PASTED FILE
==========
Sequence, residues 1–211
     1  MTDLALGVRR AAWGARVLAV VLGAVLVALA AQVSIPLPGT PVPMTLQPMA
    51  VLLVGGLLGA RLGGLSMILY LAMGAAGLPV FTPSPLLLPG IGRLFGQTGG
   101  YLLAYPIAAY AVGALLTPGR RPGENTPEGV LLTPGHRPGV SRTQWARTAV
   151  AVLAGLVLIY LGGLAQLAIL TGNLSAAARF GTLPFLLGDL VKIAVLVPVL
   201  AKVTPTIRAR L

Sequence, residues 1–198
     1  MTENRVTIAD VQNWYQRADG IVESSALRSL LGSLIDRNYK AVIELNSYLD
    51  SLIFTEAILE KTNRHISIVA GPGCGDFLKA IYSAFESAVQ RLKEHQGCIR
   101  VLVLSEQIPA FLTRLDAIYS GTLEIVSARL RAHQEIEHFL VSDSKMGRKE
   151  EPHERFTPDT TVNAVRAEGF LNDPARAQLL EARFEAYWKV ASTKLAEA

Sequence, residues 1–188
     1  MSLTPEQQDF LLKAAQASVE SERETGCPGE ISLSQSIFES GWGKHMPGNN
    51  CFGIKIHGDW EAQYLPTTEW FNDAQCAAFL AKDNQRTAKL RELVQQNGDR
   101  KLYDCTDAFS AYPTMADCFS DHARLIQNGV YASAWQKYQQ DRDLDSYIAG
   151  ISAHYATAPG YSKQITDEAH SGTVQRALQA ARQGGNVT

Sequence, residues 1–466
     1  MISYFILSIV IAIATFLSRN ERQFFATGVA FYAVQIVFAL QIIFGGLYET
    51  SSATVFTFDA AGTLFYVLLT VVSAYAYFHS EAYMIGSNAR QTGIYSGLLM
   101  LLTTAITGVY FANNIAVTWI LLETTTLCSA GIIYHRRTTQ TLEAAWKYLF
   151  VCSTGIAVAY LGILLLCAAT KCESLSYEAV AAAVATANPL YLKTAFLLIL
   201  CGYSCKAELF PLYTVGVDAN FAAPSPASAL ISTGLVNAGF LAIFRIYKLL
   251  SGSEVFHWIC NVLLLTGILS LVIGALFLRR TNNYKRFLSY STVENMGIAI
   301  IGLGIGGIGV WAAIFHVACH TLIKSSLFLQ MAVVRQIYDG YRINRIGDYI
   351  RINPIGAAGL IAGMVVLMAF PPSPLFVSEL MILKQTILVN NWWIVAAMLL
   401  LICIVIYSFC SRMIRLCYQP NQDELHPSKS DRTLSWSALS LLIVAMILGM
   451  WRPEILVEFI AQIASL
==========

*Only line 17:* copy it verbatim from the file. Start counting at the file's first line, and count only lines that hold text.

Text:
Sequence, residues 1–466